Because when you’re dead, all you have to work with is the shit mortals bring into the house. In Paranormal Activity, the insufferable homeowner sets up a Ouija board in an effort to catch the demon in action. He gets this on camera:
Like The Conjuring, the Paranormal Activity confirms the demon takes a physical form — which in that scene is definitely hunched over a board game pushing around a plastic slab for the sheer fuck of it. But I guess really anything is better compared to the nights it’s spent obsessively closing doors and arranging furniture like a cloaked Howard Hughes.
Body Snatchers Are Total Weirdos When Left To Their Own Devices
Body-stealing aliens have become their own sub-genre at this point. Some classics include The Thing, Invasion Of The Body Snatchers, and that one where Jean Grey and the T-1000 try to kill Frodo. You know the one. Jon Stewart was also there until he got his fingers cut off.
It sure seems like we’re fundamentally terrified of being secretly replaced from the inside out, and that fear has blinded us to how deeply silly that premise would be if really carried out. Why is it silly? Because the aliens always assume our exact identity, acting out our jobs and relationships like an extraterrestrial game of house. And if that’s the case, what exactly does the endgame look like? Like, if the pod people won, what would they do next? Continue to act like us?
Take the 2007 Body Snatchers remake The Invasion, and the scenes wherein Nicole Kidman has tricked the pod people into thinking that she is one of them. We totally see the people-fillers going about their day as if nothing has changed (sans emotions). There are pod children at the playground …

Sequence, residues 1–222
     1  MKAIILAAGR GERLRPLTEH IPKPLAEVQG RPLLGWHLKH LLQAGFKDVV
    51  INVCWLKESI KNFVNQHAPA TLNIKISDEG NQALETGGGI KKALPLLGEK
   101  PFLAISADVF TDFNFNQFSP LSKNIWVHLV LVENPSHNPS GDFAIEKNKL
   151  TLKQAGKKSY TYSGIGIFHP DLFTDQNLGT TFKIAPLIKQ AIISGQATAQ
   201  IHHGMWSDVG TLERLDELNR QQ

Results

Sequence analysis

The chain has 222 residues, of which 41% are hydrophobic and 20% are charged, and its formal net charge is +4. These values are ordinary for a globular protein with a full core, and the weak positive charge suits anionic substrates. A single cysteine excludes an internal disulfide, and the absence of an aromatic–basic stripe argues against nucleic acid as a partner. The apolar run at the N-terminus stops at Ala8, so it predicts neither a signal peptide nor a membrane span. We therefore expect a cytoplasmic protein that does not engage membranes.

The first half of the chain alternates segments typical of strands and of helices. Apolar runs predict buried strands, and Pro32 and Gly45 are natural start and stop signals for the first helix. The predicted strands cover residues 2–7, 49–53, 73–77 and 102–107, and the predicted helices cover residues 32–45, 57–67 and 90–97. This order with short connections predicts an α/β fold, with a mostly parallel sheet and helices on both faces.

… and a pod family having a polite pod dinner with each other …
Remember, the aliens in these scenes think that they are exclusively amongst their own kind, and continue to mimic the social habits of their human husks. So it stands to reason that they would merely continue to do that if they won, right? OK, maybe they’re waiting for everyone to be assimilated. But then what if there are a few small holdouts, or they are stuck on an island? What would the aliens in The Thing do if they had taken over that Antarctic base and couldn’t fix their ship? Would they have resumed their hosts’ lives until the next helicopter arrived? Would Alien Kurt Russell go back to getting hammered and playing PC chess?
That dinner moment in The Invasion also raises a weirder question, thanks to what’s seen on the TV behind them:
We find out that world peace was declared because the pod people went after the most powerful first and continued to do their jobs for them. And by that logic, this has to include news anchors and late-night entertainment, right? Was there a pod person Jimmy Kimmel hosting “Celebrities Read Neutral Tweets”? Was David Letterman giving opening monologues about how everyone in the audience should let him spit green in their mouths? What about the film industry? Was pod person James Cameron shooting a rewritten Avatar in which all the humans successfully beam their brains into the indigenous Na’vi? It couldn’t be any worse than what we got.
Jigsaw Has To Spend Hours Making Sinister Tapes And Videos
OK, we can all agree that the old cancer man behind Jigsaw is quite the engineering hobbyist. No doubt the “reverse bear trap” from the first movie caused more than one awkward Home Depot encounter. It’s something we’re willing to accept in order to enjoy this delightful series of Willy Wonka snuff scenarios. But has anyone stopped to consider the seven whole minutes’ worth of tape recording that went into just the first Saw film? Jigsaw rarely approaches people face-to-face, opting to either speak through audio or video tapes and occasionally appearing as a big-wheel-riding vaudeville prop.